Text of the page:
Arrive in Cairo Take a tour of Cairo Citadel: One of Cairo’s most popular tourist attractions is the Citadel, located on a spur of limestone that had been detached from its parent Moqattam Hills by quarrying. The Citadel is one of the world’s greatest monuments to medieval warfare, as well as a highly visible landmark on Cairo’s eastern skyline. Particularly when viewed from the backside (from the north), the Citadel reveals a very medieval character. Khan El Khalili bazaars: Khan el-Khalili is a major souk in the Islamic district of Cairo. The bazaar district is one of Cairo’s main attractions for tourists and Egyptians alike the market was built in 1382 by the Emir Djaharks el-Khalili in the heart of Fatimid City. Visit the Egyptian Museum: The Museum of Egyptian Antiquities, known commonly as the Egyptian Museum, in Cairo, is home to an extensive collection of ancient Egyptian antiquities. It has 120,000 items, with a representative amount on display, the remainder in storerooms. The museum’s Royal Mummy Room, containing 27 royal mummies from pharaonic times, was closed on the orders of President Anwar Sadat in 1981. It was reopened, with a slightly curtailed display of New Kingdom kings and queens in 1985. Today there are about 9 mummies displayed. One of them is the newly discovered mummy of Queen Hatshepsut.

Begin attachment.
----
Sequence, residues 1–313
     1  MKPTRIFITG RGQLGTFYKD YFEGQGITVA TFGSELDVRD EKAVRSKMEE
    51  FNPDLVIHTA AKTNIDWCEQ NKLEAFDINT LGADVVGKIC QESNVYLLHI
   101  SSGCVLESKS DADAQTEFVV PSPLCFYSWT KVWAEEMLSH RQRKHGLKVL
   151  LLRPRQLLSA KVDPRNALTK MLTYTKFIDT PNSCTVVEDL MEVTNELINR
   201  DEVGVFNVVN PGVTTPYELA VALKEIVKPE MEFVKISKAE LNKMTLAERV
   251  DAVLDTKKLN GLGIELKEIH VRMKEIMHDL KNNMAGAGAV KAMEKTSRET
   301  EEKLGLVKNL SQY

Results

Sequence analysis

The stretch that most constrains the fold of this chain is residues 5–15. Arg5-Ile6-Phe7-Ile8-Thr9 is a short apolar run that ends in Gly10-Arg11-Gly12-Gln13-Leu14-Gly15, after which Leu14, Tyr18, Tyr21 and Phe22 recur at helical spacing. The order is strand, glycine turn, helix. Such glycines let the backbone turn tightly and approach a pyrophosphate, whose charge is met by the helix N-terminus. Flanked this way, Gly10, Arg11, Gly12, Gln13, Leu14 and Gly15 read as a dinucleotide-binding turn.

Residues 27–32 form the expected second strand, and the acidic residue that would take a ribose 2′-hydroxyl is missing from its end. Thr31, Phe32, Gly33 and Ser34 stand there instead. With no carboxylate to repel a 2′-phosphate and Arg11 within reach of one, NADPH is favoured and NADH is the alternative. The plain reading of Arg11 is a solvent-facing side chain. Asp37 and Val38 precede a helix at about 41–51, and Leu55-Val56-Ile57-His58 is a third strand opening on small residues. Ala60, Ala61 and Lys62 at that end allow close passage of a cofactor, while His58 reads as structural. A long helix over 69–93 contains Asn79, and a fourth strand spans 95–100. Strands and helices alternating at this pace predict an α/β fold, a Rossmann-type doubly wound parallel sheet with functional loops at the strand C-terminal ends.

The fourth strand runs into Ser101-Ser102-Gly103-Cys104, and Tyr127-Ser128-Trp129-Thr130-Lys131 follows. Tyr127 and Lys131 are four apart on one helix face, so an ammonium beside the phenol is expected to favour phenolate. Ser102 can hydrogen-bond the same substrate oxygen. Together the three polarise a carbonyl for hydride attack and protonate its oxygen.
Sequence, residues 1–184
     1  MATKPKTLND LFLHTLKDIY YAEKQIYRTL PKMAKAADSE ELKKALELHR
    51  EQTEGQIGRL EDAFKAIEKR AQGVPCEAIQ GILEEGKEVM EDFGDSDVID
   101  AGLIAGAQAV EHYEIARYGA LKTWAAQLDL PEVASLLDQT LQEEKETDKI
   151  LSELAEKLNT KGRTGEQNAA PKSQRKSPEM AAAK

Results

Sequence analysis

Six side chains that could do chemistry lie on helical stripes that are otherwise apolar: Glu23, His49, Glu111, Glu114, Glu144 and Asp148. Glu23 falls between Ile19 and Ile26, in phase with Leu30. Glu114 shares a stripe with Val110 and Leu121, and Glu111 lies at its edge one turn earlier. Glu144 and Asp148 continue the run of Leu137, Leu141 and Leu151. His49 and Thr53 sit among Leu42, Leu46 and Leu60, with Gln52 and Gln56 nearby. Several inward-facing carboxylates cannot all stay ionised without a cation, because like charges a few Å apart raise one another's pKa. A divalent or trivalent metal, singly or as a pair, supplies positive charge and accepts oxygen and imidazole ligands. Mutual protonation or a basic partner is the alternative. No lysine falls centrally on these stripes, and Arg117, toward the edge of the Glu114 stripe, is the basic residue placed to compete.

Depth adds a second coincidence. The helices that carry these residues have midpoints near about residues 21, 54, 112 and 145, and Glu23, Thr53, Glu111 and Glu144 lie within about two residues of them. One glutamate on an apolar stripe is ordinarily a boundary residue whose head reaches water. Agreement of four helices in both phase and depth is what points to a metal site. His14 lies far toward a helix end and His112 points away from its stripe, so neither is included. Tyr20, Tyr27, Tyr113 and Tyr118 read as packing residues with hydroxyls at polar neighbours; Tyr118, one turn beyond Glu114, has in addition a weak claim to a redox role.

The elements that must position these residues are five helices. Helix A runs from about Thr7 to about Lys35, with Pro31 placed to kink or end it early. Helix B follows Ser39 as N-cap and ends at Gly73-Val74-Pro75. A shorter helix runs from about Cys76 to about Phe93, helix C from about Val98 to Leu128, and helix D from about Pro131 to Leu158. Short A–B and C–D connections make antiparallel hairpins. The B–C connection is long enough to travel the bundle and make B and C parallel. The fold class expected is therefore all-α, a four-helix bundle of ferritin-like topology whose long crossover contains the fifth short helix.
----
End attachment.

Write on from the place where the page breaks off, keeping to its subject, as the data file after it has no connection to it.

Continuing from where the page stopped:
Check-in for return flight home, assisted by our Tour Director and return home. Here ends our Egyptian educational tour!
This information is primarily for parents: All our tours are teacher led. If you’re interested in sending your child a tour, please send us the contact information of the concerned teacher in his/her school. We will contact the school authorities and pursue it further. Once the school approves the tour, students can register for the tour.
Registration and Documentation: You need to fill in the registration form provided and submit the necessary documents (which will be informed to you) along with the registration fees.
Manage Deadlines: Triplou Educational Tours makes all the arrangements for your tour months in advance. It is important for you to adhere to all the payment deadlines provided to you to ensure that your child’s reservation is secure.
Get Prepared For The Tour: You will receive a detailed itinerary, details of hotels and a copy of your ticket from us. Students should spend some time on preparation work. Your child should read up about the places they are about to visit.
Read our instructions for students and packing tips. It is important to read the code of conduct for students and explain it to your child.